* Is that really the most diplomatic metaphor to be using when discussing this subject, Mr. Powell?
    ** Speaking of metaphors, appositeness of: Before anyone points it out, I’m aware that the tar baby is from an African, not Asian, folktale.


    Add your voice to the sound of the crowd

    Posted by Sean at 12:47, January 9th, 2005

    I almost never read something at Eric’s and think, “Oh, no, no, no, no, man–what were you thinking?” Even in this case, it’s just a short passage, but I think it’s significant to what he’s saying in this (otherwise excellent) post:


    Much as I abhor thinking the thoughts of other people (one of my favorite gripes), I like to think of the blogosphere as being above groupthink, identity politics, and the herd mentality. Ideas here should stand or fall on their own.



    Those who are easily manipulated or misled, in my view, don’t belong in the blogosphere,….





    Eric is too kind. “Those who are easily manipulated or misled” shouldn’t be running about loose in a free society; taking specific pains to exclude them from the blogosphere is redundant.



    But a big, open group of people is a big, open group of people. I sometimes have a nagging feeling I’m not a very good blogger because I don’t have the sense of belonging to a special -osphere. As I see it, people act like themselves. The medium makes parts of their personality come out that you might not usually see if dealing with them face-to-face, or in real-time phone conversations, or by letter. And given the clicking-through-links way of getting around, it’s easier to avoid the boors than it would be if we were all physically in one big room. However, I don’t think it’s all that realistic to expect less total boorishness than you get in real life. (I’m not pretending the nature of on-line correspondence doesn’t bring out some of my own character flaws, BTW; I’ve been known to fire off an uncharitable comment or e-mail in a fit of temper and have to apologize abjectly later.)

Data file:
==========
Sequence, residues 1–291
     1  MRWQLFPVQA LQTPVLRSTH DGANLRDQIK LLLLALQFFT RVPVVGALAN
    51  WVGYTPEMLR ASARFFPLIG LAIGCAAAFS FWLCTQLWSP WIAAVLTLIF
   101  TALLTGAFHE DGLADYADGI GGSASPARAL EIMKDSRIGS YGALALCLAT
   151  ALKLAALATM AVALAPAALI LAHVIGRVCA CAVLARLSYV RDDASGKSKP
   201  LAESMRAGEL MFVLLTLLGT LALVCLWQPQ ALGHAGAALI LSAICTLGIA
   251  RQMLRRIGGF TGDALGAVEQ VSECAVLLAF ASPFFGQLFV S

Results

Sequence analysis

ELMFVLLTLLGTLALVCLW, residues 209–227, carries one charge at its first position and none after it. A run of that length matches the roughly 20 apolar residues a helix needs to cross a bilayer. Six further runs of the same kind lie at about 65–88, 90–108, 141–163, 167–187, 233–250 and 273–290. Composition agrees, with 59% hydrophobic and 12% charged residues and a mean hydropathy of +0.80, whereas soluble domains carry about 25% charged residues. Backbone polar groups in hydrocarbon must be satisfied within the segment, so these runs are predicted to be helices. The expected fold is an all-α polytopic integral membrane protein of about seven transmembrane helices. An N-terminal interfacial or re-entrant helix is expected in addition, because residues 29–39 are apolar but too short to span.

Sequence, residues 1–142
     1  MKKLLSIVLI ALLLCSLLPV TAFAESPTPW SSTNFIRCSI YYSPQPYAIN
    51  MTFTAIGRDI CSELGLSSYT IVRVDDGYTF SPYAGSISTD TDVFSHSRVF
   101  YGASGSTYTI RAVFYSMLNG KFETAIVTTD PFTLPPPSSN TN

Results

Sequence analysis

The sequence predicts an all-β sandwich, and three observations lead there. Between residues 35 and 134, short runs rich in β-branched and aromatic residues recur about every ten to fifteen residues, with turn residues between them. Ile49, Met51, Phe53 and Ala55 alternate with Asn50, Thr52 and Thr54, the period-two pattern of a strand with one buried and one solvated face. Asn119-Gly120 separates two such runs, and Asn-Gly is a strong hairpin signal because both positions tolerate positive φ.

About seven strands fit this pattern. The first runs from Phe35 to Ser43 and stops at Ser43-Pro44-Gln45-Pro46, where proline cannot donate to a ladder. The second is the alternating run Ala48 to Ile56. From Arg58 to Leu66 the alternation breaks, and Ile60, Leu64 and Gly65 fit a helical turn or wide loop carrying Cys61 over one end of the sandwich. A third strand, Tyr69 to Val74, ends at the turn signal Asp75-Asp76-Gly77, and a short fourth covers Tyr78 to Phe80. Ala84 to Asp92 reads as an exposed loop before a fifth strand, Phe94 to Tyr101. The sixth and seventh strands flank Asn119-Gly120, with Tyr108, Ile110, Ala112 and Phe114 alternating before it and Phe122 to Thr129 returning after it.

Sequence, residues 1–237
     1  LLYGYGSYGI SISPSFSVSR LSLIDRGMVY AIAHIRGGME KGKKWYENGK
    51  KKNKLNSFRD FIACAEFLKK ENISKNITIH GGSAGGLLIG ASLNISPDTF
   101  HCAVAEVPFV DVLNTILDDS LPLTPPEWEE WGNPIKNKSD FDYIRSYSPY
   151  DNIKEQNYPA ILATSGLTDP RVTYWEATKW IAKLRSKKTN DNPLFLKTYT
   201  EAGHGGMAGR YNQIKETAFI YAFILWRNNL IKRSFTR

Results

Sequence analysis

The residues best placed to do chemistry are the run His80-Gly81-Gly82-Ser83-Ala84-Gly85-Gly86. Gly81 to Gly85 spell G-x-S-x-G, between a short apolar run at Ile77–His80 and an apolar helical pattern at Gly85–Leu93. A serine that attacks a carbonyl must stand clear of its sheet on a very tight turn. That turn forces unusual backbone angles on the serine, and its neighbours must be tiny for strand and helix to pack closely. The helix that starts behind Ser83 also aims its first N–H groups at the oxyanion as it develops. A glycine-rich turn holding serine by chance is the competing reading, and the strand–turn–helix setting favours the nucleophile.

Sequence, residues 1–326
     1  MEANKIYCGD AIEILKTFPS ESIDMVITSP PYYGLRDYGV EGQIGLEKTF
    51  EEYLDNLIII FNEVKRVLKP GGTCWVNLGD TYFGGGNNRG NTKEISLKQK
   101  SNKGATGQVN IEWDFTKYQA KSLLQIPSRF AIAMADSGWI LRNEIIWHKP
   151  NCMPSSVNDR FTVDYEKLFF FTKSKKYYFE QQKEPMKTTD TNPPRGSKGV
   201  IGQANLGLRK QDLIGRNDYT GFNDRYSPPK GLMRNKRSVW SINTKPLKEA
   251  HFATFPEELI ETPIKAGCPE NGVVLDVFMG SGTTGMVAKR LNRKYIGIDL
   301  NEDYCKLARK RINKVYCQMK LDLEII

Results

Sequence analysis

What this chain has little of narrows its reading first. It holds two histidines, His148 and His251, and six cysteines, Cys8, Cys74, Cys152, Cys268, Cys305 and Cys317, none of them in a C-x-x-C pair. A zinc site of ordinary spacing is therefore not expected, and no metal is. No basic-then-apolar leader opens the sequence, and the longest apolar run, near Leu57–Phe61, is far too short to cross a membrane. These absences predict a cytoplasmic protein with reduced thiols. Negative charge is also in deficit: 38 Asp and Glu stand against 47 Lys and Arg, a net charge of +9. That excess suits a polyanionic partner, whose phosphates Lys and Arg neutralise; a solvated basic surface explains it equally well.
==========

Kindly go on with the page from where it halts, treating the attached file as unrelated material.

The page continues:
Dean has been dealing with this sort of issue also, with interesting results. I can’t read his mind, but I suspect he was thinking about what impression it makes when you open a comment thread and scroll through 50 people named things like Stevie Nicks’s Demon Luvr. It probably does suggest that people are not having the most serious, adult-level discussion and that you can loosen your own standards accordingly.



    Actually, I just called the results of Dean’s new rules “interesting,” and I don’t know why–the discussion in fact quickly reached near-transcendent levels of tedium. The interesting part was from the tiny minority of commenters who addressed the underlying issue: Is there a way to make people behave when they’re not naturally inclined to do so? Can you do it by forcing them to use their own names or, failing that, names that sound as if they were attached to real people with their integrity at stake?



    I doubt it. Granted, credulousness and honor aren’t exactly the same issue, so maybe yoking Eric’s and Dean’s posts together will only make sense to me. My point just is that whatever revolutionary character the blogging phenomenon may have, it’s not in how it channels human nature. Once you’ve gotten used to the variations on them that the medium itself requires, the rules that apply are the standard injunctions to avoid shooting your mouth off and not take strangers at face value.